About 8:00 last night I threw out the sermon I had for today. I started over and went in a new and completely different direction. That’s why I’m using the pulpit today and why I have notes. I am just not real settled yet with what I am going to say. Maybe that’s my apology or excuse for not being better prepared this morning; I don’t know. I only know that I was too afraid to preach what I originally had prepared.
I don’t mean I was afraid about the sermon or the words I would say. I was afraid of what has happened in Charlottesville. I am still afraid.
I am afraid when I see gatherings of groups like the Ku Klux Klan and neo-Nazis.
I am afraid when I read that Mr. David Duke, former imperial wizard of the Ku Klux Klan, said that the protesters were “going to fulfill the promises of Donald Trump” to “take our country back.”
I am afraid when white supremacists waving Confederate flags, chanting Nazi-era slogans, wearing helmets and carrying shields, chant phrases like “Jews will not replace us.”
I am afraid when armed militia men dressed in fatigues walk the streets of Charlottesville.
I am afraid when white nationalists carry torches and chant “White lives matter.”
I am afraid when violence and willful injury or death become our way of engaging difference.
I am afraid when “blood and soil” are what unite some people.
I am afraid when I see Nazi salutes and hear the words “End immigration, one people, one nation” chanted.
I am afraid when I see, once again, that the ghost of racism, prejudice, violence, and hatred still haunts us.
Sometimes there is good reason to be afraid. And Charlottesville is one of them. I am afraid for you and me. Let me be clear, however. I am not afraid for your or my physical safety or our well being.
I am afraid that we will be brokenhearted over what has happened but not whole hearted enough to speak up.
I am afraid that we will be sad over these circumstances but not angry enough to overturn the tables and drive out the animals (John 2:15).
I am afraid we will express our opinions of how wrong this is but refuse to be witnesses of and for Christ.
I am afraid we will close the gospel book today and go on with business as usual.
I am afraid we will tithe mint, dill, and cumin but neglect justice, mercy, and faith (Matthew 23:23).
I am afraid we will love ourselves but not our neighbors, to say nothing of our enemies (Mark. 12:31; Matthew 5:44).
I am afraid we will come to the communion “table for solace only, and not for strength; for pardon only, and not for renewal” (Book of Common Prayer, p. 372).
The boat of our life is far from land right now. The night is dark, the waves are high, and the wind is strong. There is every reason to be afraid but I don’t want to live in fear and I don’t want you to either. I want us to see the light that shines in the darkness of this night, a light the darkness cannot overcome (John 1:5). I want us to hear the waves slapping against the bottom of Jesus’ feet as he walks toward us. I want us to feel the wind of change. I want us to make room in the boat for Jesus.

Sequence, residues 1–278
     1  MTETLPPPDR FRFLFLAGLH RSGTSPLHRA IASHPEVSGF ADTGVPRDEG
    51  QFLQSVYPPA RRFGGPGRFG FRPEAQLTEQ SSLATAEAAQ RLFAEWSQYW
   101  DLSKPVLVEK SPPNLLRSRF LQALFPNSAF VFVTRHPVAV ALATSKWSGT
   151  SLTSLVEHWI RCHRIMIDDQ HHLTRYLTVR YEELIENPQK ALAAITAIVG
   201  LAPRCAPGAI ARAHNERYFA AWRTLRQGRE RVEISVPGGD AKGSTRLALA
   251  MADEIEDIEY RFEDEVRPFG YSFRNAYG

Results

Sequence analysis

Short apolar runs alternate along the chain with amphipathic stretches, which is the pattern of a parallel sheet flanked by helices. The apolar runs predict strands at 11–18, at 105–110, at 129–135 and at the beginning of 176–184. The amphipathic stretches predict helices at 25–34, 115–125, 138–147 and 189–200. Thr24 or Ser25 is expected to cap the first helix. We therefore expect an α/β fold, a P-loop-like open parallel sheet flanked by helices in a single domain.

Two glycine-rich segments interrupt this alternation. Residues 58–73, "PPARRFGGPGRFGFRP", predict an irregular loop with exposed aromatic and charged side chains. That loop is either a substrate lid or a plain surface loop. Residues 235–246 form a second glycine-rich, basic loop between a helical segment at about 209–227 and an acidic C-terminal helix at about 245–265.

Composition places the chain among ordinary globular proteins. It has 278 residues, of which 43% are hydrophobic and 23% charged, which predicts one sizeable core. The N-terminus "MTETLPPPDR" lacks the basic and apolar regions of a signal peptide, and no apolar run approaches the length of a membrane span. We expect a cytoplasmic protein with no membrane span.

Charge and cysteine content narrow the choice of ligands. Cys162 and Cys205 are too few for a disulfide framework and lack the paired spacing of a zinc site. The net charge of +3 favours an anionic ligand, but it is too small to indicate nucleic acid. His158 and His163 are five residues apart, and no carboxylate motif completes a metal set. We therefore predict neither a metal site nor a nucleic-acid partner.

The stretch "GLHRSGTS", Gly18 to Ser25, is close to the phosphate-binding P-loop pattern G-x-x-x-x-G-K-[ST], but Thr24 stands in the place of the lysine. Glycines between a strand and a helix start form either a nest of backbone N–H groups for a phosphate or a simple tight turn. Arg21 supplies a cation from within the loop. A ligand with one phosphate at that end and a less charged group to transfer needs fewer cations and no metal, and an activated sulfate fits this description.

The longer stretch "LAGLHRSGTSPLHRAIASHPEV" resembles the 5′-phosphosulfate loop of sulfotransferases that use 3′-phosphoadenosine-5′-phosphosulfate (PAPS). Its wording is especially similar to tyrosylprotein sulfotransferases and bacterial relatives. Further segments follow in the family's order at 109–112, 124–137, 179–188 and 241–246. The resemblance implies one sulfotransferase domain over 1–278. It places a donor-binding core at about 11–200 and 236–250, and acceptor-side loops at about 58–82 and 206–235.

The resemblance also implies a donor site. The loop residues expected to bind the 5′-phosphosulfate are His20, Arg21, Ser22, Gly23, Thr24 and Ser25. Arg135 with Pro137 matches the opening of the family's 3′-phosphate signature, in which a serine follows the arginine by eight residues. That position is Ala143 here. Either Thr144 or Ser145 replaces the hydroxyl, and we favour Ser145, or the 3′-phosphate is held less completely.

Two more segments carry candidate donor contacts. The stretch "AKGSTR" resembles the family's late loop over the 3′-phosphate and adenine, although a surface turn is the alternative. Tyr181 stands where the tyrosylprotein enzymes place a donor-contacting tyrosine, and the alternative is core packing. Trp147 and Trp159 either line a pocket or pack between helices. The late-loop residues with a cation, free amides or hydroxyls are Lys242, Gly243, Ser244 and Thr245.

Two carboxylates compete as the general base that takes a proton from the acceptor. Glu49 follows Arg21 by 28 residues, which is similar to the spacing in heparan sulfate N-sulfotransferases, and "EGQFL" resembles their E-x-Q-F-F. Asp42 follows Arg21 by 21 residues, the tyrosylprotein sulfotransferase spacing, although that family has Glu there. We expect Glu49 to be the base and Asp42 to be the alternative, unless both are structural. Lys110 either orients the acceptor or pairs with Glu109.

That does not, however, begin in Charlottesville. It begins in my heart, your heart, and the heart of the world; the very same place where fear, racism, violence, hatred, and indifference begin. Charlottesville is a symptom of heart disease.
This isn’t about taking back America, it’s about taking back our hearts and that’s exactly what Jesus tells the disciples in today’s gospel (Matthew. 14:22-33). “Take heart,” he says. The night is dark, the waves are high, the wind is against them, and they’ve seen a ghost. “Take heart.”
A more literal translation of the Greek would be “Take courage.” Be courageous. Jesus is not, however, talking about a macho, power based, “locked and loaded” kind of courage, a life denying courage that threatens to unleash “fire and fury like the world has never seen.”
He is imploring a “life giving courage,” a courage grounded in the I Am of Jesus. I am the light of the world. I am the way. I am the truth. I am the life. I am the good shepherd. I am the resurrection. It is the same I Am of the burning bush that gave Moses the courage to lead the Israelites out of their bondage in Egypt. When Jesus says to the disciples, “It is I,” he is literally saying, “I Am.” The world needs life giving I Am courage.
Life giving courage confronts evil head on but refuses to become what it hates. Life giving courage seeks reconciliation and the well being of all people. It has no interest in destroying or humiliating the other. It is the courage “dedicated to evolution rather than revolution” (Chittister, Between the Dark and the Daylight, p. 146-147.), the courage to grow up and live the gospel. Ultimately, life giving courage manifests the heart of God and it looks, speaks, acts, and loves like Jesus.
Life giving courage does not mean we won’t be afraid. It is, rather, the means by which we face our fear.
I can’t tell you what to do, how to take back your heart, or what life giving courage might look like in your life. I can only raise the question; not just for you but also for myself. It will be different for each of us. We must each find our own way of taking back our hearts and living with life giving courage.
What do you see when you look at Charlottesville?
What do you see when you look into your heart?
Are you afraid? I sure hope so. I hope you and I are always afraid, afraid enough to take heart, to take heart again, and to never stop taking heart.
“Take heart, it is I,” Jesus says. Hear his words again, “Be courageous, I Am/am.”
Will we be?